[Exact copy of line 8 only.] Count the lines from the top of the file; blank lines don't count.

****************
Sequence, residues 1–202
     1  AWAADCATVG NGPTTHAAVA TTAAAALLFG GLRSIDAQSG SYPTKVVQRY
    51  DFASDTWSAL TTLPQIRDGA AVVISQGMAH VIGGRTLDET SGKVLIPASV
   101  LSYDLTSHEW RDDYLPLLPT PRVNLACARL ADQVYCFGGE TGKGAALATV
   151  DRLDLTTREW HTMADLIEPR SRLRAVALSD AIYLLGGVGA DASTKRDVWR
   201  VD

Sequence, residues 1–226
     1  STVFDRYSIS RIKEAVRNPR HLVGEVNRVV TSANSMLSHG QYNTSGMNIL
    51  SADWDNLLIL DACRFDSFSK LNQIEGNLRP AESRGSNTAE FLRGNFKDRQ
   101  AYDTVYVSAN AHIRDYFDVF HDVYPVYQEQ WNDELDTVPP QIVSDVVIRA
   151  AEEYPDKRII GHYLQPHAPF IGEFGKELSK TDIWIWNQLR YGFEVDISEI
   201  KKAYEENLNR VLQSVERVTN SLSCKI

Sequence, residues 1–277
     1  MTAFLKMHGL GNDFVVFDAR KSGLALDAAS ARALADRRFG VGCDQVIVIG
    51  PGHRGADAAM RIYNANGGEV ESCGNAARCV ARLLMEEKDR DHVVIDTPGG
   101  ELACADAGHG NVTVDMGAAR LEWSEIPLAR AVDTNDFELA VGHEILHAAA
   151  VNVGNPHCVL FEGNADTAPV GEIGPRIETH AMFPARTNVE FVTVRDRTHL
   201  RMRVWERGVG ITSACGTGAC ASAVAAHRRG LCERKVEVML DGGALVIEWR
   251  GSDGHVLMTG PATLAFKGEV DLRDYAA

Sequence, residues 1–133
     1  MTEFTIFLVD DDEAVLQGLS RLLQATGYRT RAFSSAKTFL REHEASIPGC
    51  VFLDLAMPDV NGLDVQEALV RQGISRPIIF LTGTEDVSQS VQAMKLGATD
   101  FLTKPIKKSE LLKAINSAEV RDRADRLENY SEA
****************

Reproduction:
     1  STVFDRYSIS RIKEAVRNPR HLVGEVNRVV TSANSMLSHG QYNTSGMNIL